JPF, along with our member NGOs, has been carrying on this emergency humanitarian assistance program focusing on food and NFI distribution, provision of safe water, improvement on malnutrition, and other life-saving&sustaining actions intended to meet the most desperate needs among the people in Yemen and Djibouti who have been affected by the conflict.

※1:IASC, https://interagencystandingcommittee.org/iasc-transformative-agenda/news-public/l3-iasc-system-wide-response-activations-and-deactivations
※2:OCHA, Yemen: 2017 Humanitarian Needs Overview (November 2016)
※3:UNHCR, Yemen Regional Update no.41, July 2016

FACTS

  • Humanitarian assistance69% of the total population in Yemen, 18.8 million people out of 27.4 million, are estimated to be in need of some kind of humanitarian or protection assistance, including 10.3 million who are in acute need(*1)
  • Food14.1 million people are food insecure, including 7 million people who are severely food insecure. (*1)
  • Water14.5 million people need support to meet their basic water, sanitation and hygiene needs. (*1)
  • Mother4.5 million people require services to treat or prevent malnutrition, including 4 million in acute need.(*1)
  • SchoolMore than1,600 school remain closed and approximately 2 million children are out of school. (*1)
  • MoveMore than 179,661 people have outflowed from Yemen to the neighboring countries since the escalation of the conflict. (*2)
  • Djibouti36,162 people have moved from Yemen to Djibouti and more than 19,000 are Yemeni. (*3)

(*1) Yemen Humanitarian Needs Overview 2017 http://ochayemen.org/hno-2017/
(*2) UNHCR, Yemen Regional Update no.41, July 2016
(*3) UNHCR Yemen Regional Refugee and Migrant Response Plan  http://data.unhcr.org/yemen/regional.php

Accessed on 19th April 2016

OUR PROGRAMME

With the JPF funding,

  • icon_pr_shower.pngADRA Japan is providing food, WASH and nutrition assistance in Yemen.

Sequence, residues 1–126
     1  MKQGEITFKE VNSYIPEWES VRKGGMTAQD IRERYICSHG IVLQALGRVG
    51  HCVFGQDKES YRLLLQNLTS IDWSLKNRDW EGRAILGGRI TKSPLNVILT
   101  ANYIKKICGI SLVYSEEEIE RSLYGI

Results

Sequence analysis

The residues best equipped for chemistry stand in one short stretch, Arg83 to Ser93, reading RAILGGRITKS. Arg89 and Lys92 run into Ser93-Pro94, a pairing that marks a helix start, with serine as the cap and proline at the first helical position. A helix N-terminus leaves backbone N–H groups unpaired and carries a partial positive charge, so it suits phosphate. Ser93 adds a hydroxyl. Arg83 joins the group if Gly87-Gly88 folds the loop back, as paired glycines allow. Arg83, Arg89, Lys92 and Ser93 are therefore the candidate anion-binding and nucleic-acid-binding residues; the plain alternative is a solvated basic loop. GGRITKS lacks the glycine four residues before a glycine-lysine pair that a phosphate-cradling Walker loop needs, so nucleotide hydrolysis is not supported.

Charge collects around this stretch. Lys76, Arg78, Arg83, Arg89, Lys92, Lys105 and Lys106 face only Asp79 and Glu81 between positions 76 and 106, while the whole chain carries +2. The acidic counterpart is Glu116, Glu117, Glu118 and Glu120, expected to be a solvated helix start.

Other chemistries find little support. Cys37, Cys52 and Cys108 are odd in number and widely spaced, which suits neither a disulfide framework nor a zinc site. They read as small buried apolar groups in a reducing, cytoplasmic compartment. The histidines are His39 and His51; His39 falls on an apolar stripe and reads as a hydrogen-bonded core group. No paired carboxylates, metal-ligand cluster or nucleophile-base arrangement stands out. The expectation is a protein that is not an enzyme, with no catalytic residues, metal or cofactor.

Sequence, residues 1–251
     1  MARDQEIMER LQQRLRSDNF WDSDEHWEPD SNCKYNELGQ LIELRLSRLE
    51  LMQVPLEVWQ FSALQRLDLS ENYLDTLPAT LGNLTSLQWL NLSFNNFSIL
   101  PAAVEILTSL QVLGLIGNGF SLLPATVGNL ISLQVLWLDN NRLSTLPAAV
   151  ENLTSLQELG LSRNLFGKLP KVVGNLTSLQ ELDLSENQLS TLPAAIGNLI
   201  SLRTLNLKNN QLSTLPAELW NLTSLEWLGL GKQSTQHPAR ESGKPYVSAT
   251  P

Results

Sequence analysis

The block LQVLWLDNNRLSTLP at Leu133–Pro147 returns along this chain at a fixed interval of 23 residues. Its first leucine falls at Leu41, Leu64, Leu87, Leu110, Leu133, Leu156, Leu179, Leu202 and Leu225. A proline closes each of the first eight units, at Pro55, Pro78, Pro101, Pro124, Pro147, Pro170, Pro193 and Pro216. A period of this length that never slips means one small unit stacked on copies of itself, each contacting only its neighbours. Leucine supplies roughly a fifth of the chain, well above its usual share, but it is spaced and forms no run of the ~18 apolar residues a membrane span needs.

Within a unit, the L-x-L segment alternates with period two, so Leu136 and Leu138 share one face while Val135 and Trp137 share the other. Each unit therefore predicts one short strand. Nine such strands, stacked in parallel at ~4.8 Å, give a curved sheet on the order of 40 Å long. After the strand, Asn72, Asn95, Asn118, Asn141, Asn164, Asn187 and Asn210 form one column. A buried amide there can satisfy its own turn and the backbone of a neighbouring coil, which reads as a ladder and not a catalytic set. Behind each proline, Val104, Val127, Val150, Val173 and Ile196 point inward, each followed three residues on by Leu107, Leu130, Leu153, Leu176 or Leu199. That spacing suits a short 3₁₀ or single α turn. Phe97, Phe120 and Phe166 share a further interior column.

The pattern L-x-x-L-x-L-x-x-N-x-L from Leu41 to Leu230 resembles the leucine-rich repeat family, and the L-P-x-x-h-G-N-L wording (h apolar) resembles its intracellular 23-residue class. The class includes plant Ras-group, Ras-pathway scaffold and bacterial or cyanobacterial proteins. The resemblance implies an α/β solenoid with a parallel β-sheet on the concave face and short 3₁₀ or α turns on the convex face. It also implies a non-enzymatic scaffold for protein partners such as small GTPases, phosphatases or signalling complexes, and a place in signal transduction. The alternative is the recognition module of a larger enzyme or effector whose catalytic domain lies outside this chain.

• icon_pr_soup.pngICAN is implementing food and NFI distribution project in Yemen.
  • icon_pr_tent.pngChild Friendly Space was provided by ICAN at Markazi camp in Djibouti. (the project completed)

NGO's Project : ADRA Japan(ADRA)

Delivering assistance to IDPs and exhausted host communities in locations where aid tends to be insufficient.

NGO's ProjectSince December 2015, ADRA Japan has been delivering assistance to IDPs as well as residents of host communities that tend to become vulnerable including children and women. The content of their assistance includes distributing food, counter-measuring malnutrition in infants and toddlers, distributing hygiene kits and supplying water. ADRA Japan has been working in the Al Jawf and Ma'rib Governorates in northern Yemen, where there tends to be a lack of aid with few humanitarian aid organizations present despite the existence of many people requiring assistance. ADRA Japan partners with ADRA Yemen to provide assistance, and has assisted a total of approximately 8,000 households and 72,000 people in fiscal year 2016. With there being no end to the conflict in sight, it will continue to deliver assistance.

Voice from the Field

I know how to wash my hands because we received a hygiene kit

Voice from the FieldHamas used to live in the Al Khalq District of Al Jawf Governorate in Yemen with her father, mother and younger sister. Her family felt threatened by the armed conflict and fled to the governorate's capital, Al Hazm. They had only brought with them a handful of money and clothes, and they began living in an abandoned house. Due to the outbreak of cholera across the country, it has become increasingly important in Yemen to maintain good hygiene practices at home. For these reasons, Hamas and her family received a hygiene kit from ADRA that included buckets, soap, detergent and shampoo. Later, an ADRA staff member that visited her home for monitoring asked Hamas if she knew how to wash her hands. She said yes and showed this staff member how she does it.